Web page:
Responding to the announcement by President Mahmoud Ahmadinejad of Iran that he would respond to the offer from the Americans and Europeans by Aug. 22, Mr. Bush said that "seems like an awful long time" to wait, adding, "It shouldn't take the Iranians that long to analyze what is a reasonable deal."
On North Korea, Mr. Bush sidestepped a question about what action the United States might take if a missile is launched. Chancellor Schüssel said the two men discussed "what to do when and if, and there will be a strong response on that." But American officials attending the meeting would not elaborate, and the president was vague.
"The North Koreans have made agreements with us in the past, and we expect them to keep their agreements," Mr. Bush said, adding, "We think it would be in the world's interest to know what they're testing, what they intend to do on their test."
Today's summit meeting reflected what Ivo Daalder, a foreign policy analyst at the Brookings Institution, calls Mr. Bush's "delicate minuet" with Europe. The president's trip to Europe in February 2005 went a long way toward soothing tensions, but even then, Mr. Daalder said, Mr. Bush "couldn't help himself but talk about military options." Now, with the president emphasizing a peaceful resolution, political analysts say Mr. Bush has more credibility with European governments, if not the European people.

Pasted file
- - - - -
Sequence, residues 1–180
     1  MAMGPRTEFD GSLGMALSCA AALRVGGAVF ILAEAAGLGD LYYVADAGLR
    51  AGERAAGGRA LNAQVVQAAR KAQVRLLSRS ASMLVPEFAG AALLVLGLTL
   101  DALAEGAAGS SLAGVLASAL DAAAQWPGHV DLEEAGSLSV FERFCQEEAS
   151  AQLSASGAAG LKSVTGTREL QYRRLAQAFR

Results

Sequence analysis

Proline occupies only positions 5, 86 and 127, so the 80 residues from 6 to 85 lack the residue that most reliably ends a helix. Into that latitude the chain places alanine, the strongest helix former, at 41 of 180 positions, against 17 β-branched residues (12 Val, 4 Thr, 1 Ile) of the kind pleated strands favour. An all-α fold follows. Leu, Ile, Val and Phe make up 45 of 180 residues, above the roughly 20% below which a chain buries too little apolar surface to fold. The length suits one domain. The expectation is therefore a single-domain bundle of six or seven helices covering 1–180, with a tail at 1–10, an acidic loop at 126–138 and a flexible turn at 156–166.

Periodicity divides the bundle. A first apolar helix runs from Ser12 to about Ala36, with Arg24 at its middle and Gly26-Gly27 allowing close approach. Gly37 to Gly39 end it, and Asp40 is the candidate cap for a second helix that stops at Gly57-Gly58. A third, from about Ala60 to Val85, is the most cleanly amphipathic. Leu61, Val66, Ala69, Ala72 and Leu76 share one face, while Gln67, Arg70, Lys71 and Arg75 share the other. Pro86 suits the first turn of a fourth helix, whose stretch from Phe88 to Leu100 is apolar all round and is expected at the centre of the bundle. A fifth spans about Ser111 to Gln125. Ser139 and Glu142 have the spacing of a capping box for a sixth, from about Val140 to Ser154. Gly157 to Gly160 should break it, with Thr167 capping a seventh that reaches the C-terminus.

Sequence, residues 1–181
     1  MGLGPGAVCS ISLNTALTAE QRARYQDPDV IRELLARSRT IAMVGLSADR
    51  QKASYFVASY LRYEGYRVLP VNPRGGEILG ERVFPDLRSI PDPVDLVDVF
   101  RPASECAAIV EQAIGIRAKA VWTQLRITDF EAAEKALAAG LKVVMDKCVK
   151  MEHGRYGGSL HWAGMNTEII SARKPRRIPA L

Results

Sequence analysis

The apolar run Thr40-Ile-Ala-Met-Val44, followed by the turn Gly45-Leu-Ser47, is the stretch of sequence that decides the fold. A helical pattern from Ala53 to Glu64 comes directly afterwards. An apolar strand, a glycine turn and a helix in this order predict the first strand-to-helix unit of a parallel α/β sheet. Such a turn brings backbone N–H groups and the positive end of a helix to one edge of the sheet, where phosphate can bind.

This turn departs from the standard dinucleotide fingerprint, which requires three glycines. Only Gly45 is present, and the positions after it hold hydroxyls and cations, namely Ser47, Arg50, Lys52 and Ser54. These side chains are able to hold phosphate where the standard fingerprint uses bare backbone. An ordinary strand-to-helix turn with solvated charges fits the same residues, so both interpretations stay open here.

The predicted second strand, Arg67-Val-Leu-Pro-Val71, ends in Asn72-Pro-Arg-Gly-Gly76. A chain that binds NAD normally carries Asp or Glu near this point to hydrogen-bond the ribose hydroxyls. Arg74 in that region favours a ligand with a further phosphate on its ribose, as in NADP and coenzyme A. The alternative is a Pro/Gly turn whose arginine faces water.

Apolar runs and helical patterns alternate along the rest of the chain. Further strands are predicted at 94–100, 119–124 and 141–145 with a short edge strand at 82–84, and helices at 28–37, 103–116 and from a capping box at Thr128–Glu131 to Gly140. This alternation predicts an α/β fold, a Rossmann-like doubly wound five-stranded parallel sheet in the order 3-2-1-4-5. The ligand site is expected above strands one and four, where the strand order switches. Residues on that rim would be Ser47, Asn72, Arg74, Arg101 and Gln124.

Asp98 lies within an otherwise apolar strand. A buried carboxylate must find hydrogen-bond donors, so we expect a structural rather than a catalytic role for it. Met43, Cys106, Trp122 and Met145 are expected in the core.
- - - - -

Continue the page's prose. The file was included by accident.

"I don't think Europeans are ever going to learn to love George Bush; he probably remains the most unpopular U.S. president in history within the European Union," said Mark Leonard, director of foreign policy at the Center for European Freedom, a research institution in London.
"I think there has been a remarkable honeymoon between governments and their rhetoric and the way they talk about issues, their desire to find agreement rather disagreement," Mr. Leonard said. "But it is quite fragile; on a whole series of different issues the wheels could come off at any point. Iran is the most obvious."
That honeymoon does not extend to the local press. Mr. Bush's image is plastered around Vienna on the cover of the Austrian news magazine Profil, under the headline "The Mad World of George Bush." On Tuesday, anticipating Mr. Bush's arrival, an Austrian commentator, Hans Rauscher, offered a brutal assessment of the president in the daily newspaper Der Standard.
"George W. Bush is probably the worst president of the past 100 years," Mr. Rauscher wrote. "The world has to suffer him until 2008.
The European opposition to Mr. Bush was underscored by the protests that greeted him today. Hundreds of people marched in Vienna carrying banners reading "World's No. 1 Terrorist," a reference to Mr. Bush, whose policies on Iraq remain hugely unpopular here.
But Mr. Bush was defiant today, citing American aid to Africa to fight the AIDS epidemic, and his declaration that the situation in Darfur amounted to genocide, as examples of how American foreign policy can be both tough and compassionate.
"I will do my best to explain our foreign policy," he said. "On the one hand, it's tough when it needs to be; on the other hand, it's compassionate. And we'll let the polls figure out — people can say what they want to say."